Houseplants and succulents have increased in demand during recent years. The Crassula Ovata, more commonly known as the Jade Plant, has been the favorite plant of houseplant enthusiasts. This is due to its distinct tree-like form that somewhat resembles the unique bonsai trees, its round and fleshy leaves which it is referred to as succulent, and its easy-to-care nature. How to propagate Jade Plant? Let’s find out.
In many Asian cultures, the Jade plant, also known as the money plant, money tree, or lucky plant, is considered a symbol of prosperity, luck, and friendship.
They are also given as housewarming or congratulatory gifts. It is also considered a good omen to keep them at the front door as it is deemed to welcome money into the house.
|Scientific Name||Crassula ovata|
|Common Names||Jade plant, lucky plant, money plant|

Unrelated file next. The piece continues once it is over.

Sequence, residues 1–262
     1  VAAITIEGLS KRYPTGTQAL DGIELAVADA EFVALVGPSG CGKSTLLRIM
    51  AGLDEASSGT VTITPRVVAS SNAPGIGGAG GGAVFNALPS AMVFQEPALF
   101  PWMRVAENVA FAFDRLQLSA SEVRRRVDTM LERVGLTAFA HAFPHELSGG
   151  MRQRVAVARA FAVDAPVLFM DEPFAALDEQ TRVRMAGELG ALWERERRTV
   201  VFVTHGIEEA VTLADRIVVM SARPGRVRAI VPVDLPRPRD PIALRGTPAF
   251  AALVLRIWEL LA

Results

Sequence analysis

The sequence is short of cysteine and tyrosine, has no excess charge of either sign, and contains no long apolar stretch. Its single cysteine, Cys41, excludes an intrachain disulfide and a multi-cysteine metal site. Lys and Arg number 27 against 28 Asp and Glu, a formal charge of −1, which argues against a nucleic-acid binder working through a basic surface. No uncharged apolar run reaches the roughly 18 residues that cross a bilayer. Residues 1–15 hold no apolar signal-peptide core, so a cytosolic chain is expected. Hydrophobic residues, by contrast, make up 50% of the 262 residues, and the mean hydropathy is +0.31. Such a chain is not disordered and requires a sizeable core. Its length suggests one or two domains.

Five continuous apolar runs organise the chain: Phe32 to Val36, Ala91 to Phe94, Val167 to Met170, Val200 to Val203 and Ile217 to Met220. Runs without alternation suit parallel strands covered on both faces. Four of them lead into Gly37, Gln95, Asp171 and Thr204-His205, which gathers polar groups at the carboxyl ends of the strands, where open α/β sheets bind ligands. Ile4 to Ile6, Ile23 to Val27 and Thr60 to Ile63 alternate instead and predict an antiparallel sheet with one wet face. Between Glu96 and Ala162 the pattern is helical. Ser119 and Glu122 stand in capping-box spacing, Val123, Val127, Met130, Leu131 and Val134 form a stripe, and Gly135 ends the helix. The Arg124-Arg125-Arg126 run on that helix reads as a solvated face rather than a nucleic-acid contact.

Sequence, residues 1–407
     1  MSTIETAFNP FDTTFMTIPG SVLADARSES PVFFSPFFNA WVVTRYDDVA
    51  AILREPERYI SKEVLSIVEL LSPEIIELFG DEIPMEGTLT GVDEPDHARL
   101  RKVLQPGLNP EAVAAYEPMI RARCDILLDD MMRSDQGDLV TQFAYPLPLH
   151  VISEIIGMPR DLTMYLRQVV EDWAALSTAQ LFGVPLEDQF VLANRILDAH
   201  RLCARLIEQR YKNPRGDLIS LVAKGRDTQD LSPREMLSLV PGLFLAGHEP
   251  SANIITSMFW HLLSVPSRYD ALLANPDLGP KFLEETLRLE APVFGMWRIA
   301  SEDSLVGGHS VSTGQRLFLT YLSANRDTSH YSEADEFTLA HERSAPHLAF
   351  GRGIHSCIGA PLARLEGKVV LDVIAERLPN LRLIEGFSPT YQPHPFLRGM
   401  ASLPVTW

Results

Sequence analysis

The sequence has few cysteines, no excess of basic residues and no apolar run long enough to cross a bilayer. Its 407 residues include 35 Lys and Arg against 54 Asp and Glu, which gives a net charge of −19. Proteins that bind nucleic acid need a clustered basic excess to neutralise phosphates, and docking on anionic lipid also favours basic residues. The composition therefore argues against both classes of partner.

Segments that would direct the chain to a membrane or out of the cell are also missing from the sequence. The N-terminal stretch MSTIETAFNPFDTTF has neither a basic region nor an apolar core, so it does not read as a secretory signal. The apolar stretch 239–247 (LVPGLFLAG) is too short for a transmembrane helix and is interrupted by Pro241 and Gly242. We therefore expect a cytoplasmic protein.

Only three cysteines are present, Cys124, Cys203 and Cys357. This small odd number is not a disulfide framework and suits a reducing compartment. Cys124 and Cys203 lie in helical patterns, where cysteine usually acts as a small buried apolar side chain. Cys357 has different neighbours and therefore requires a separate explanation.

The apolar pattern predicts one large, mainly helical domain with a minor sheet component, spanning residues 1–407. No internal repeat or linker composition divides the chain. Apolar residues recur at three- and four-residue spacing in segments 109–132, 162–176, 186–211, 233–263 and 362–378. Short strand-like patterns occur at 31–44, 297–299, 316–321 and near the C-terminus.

|Type||Succulent soft wooded perennial|
|Temperature||Daytime temperatures between 65 and 75 ° F, and Nighttime temperatures between 50 and 55 ° F|
|Watering||Watering once every 2 to 3 weeks|
|Light||Bright light at least 6 hours each day|
|Toxicity||Toxic for Humans and Pets|
|Propagation||Propagation through stem cuttings|
|Flowering||Jade plants do not flower in the wild until they become mature|
|Maximum Size||3 to 8 feet|
Specifications of the Jade Plant
The Jade plant’s botanical name is Crassula Ovata. It is native to South Africa and Mozambique. Ranging from zones 9-12, its hardiness depends on the species. It has a slow pace of growth and requires a mix of direct and indirect bright sunlight to feed for both its strength and its ‘matte’ foliage color.
As an outdoor plant, the Jade plant usually stands at around 3 to 12 feet tall and 2 to 6 feet wide, while the same plant stays smaller when kept as a houseplant. It has thick fleshy leaves that can either be round, oval, irregular or even wrinkled in shape.